Hot yoga

Blood flow rises during pregnancy, and so your primary temperature may increase as well. Therefore, taking yoga classes in a very hot room must be avoided. Usually, when this happens, you and your baby become at risk of having dangerous rises of core maternal temperature.

Inversions

Avoid inversions, especially if you never did them before getting pregnant. However, if you have been an avid yogi and had done inversions before, then carry on. They make your body comfortable. Again, time spent in inversions may reduce as pregnancy progress, you may decide this yourself. But if your doctor has instructed you to stop, then listen.

Safest poses for yoga during pregnancy

When done the right way, these are the safest prenatal yoga poses.

  • Hip openers – Doing poses like a triangle, knee to ankle and pigeon creates the flexibility that makes labor more comfortable.
  • Side stretches – Differences on side planks and gate pose plus other side stretches, start to feel amazing when your abdomen feels overcrowded.
  • All fours – This pose employs positions such as cat-cow. It’s recommended because it helps the baby to get into an ideal position (the head facing down). Additionally, this pose can be used when giving birth if recommended by your doctor.
  • Standing poses – As the pregnancy progresses, try standing poses in order to widen your posture. Move your feet hip-distance apart to create more space for your bump. Again, make sure you are bending forward.

Here are some health benefits of prenatal yoga.

Supports your changing body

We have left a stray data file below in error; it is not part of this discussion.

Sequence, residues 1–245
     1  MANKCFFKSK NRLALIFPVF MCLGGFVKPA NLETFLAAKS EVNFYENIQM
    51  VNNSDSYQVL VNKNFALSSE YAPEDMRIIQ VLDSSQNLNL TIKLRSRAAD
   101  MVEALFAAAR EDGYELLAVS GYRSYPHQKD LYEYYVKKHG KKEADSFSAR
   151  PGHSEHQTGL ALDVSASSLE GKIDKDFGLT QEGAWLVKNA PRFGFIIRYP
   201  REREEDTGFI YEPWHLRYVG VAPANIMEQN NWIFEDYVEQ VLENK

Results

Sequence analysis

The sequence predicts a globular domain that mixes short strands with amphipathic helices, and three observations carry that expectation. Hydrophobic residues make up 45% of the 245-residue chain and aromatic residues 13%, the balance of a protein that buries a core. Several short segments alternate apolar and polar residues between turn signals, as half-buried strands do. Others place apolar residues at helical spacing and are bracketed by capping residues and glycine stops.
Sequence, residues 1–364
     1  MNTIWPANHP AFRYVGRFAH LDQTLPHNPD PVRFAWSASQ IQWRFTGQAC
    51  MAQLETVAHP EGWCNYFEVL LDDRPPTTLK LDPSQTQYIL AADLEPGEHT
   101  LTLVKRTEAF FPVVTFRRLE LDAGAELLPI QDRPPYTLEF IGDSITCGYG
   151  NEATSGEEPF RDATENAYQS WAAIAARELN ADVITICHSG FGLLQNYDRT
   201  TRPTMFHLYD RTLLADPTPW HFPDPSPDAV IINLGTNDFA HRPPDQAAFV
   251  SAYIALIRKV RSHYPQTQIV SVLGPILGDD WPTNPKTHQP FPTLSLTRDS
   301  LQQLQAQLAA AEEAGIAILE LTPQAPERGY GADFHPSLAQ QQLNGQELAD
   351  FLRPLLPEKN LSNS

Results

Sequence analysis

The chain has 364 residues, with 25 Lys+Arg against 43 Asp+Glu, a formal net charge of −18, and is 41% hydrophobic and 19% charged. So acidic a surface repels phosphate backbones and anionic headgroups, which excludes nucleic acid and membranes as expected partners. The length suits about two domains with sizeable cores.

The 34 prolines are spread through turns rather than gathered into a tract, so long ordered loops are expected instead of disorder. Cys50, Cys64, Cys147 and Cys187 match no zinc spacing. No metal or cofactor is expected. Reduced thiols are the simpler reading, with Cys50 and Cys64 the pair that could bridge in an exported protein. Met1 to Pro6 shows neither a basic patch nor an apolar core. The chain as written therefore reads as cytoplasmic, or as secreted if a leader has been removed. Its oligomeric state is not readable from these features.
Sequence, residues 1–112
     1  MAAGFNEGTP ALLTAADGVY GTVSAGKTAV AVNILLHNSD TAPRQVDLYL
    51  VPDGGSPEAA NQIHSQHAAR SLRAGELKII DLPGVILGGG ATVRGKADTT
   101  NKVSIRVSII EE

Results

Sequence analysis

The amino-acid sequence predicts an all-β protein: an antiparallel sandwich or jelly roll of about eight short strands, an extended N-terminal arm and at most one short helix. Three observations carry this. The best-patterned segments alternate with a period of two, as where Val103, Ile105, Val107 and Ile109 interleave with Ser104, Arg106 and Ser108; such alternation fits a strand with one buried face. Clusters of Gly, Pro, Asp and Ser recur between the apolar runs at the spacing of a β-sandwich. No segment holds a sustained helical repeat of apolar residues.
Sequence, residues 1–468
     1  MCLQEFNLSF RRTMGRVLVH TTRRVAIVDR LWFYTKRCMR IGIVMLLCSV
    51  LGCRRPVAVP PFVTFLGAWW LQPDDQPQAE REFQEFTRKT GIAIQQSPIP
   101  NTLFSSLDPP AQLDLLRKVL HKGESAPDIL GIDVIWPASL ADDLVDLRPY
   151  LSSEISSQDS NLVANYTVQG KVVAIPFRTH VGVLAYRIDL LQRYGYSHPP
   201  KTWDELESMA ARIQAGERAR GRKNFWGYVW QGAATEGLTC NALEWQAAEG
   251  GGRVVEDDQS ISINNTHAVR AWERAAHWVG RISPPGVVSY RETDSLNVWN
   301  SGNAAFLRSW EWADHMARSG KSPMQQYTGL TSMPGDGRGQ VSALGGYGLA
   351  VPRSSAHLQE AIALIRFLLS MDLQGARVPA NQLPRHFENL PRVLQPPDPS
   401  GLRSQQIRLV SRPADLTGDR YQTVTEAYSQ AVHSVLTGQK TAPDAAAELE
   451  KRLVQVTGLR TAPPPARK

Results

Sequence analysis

Our bodies are ever-changing, but during pregnancy, the body goes through an accelerated pace of transformation. As a result, the body needs help in compensating and adjusting. Yoga in pregnancy is vital since it supports the changes occurring to a pregnant woman. Offering women the safest and healthiest way to strengthen and stretch their muscles (more so the lower body) influences the process of supporting a maturing tummy.

Tones important muscle groups

In preparation for delivery, prenatal yoga tones the body especially hips, pelvic floor as well as abdominal core muscles. Toning of muscles helps reduce pains and aches for the entire nine months.

Prepares for labor and delivery

Paying attention to yogic ways of mindful and deep breathing helps the body relax and loosen.

Provides relief from common pregnancy complaints

The typical pregnancy complaints like nausea, lower back pain, insomnia and headaches can be relieved through prenatal yoga. Through toning muscles and stretching, blood circulates in your body in a very healthy way. Prenatal yoga will not only make you connect with the unborn child, but also have a smooth and healthier pregnancy. Moreover, in prenatal yoga classes, you will make friends with other moms-to-be and share your experiences.

Conclusion

In a nutshell, yes. Yoga during pregnancy can be beneficial and is safe, but only if you take caution and follow your doctor’s and yoga instructor’s advice.

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Johnson Lee

Writer. Aspiring social worker. EXvangelical. Athlete. Artist. Lover of ginger-colored doggies.